Attending the community gardening conference last month in New York City, gave me the opportunity to share ideas and make connections with other community gardeners. It also provoked some thoughts and ideas. From the large proportion of sessions devoted to research it became clear that the glaring omission was the lack of a national survey and census of community gardens. In fact I spent a little time at the conference talking to folks about what that might look like and how it might be done. I plan to spend some time in the coming months working on that project. such a survey could pinpoint where there are opportunities for more community gardens.
The overwhelming interest in community gardening from around this country and the world makes one think about the big picture. Shouldn't cities plan in advance for community garden or urban agriculture spaces? Particularly cities that have vacant land because population has declined but also cities that are growing that have the opportunity to set aside space for community gardens before that space is is built upon. Both types of cities can develop policies to encourage and promote community gardens.
A recent New York Times article focused on Cleveland as an example of a city with available land and shrinking population. While the article focuses on a study of the benefits of a vacant lot in terms of habitat and biodiversity, my interest piqued when the article mentioned the opportunity for cities to do something positive with the land. While at this time cities like Cleveland and other Northeast (Philadelphia) and Midwest (Youngstown, OH) cities are losing population to the Southeast and Southwest, there may come a time when the Southern cities will have reached their limits to growth particularly because of lack of drinking water. With the ongoing drought conditions in these regions that time may be very soon. And that will be a time when the Northern cities could increase their populations in a well planned manner that includes adequate open space and room for community gardens and urban agriculture.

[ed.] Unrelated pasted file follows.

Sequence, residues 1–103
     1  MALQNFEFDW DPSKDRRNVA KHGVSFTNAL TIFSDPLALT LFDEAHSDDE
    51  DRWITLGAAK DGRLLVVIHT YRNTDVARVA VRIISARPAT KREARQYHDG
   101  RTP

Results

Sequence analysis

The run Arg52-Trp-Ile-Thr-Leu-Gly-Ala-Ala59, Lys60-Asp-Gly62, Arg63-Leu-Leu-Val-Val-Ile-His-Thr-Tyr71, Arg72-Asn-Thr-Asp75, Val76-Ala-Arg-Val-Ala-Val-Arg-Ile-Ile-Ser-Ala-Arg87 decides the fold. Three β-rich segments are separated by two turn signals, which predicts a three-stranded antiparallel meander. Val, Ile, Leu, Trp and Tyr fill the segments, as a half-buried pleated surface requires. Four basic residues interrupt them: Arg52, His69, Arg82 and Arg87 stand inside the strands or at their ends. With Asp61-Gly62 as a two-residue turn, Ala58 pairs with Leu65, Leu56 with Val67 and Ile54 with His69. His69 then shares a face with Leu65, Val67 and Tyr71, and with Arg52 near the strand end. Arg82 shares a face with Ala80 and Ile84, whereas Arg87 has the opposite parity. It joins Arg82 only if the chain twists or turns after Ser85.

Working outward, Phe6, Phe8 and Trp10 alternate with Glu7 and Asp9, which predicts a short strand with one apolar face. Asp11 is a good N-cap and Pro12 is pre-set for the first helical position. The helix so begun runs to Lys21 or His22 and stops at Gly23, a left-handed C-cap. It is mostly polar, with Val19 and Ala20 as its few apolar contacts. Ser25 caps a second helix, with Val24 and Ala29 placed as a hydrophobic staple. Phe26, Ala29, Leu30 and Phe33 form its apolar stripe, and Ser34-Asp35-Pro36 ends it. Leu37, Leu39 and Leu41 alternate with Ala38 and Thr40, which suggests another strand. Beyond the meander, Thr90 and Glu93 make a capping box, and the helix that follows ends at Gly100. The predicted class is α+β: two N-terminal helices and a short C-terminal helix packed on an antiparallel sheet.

I can see redevelopment of neighborhoods in a sustainable way that takes into account transportation, commerce, agriculture and recreation in addition to housing. These neighborhoods could and should have as small a carbon footprint as possible. I just returned from a vacation in Sicily and I was struck by 3 things. One was the incredible beauty of the land. Second was how tasteful the food was. Not just the cooked food but even the raw ingredients. Peaches and Melons were in season and the flavor of the fruit was much stronger and fresher than the same fruit in season here. Was it that it was local? Third was that all of the towns were densely built with narrow roads and attached buildings everywhere. Of course the Sicilians love their (mostly very small) cars so there was traffic even in these small towns. But there was also alternative transportation. As much of the land was hilly, I rode in cable cars called Funuvia on 2 occasions. Olive trees and Grapes grew everywhere and particularly just outside of the towns were small farms. Could these small towns be models for what these new neighborhoods could be?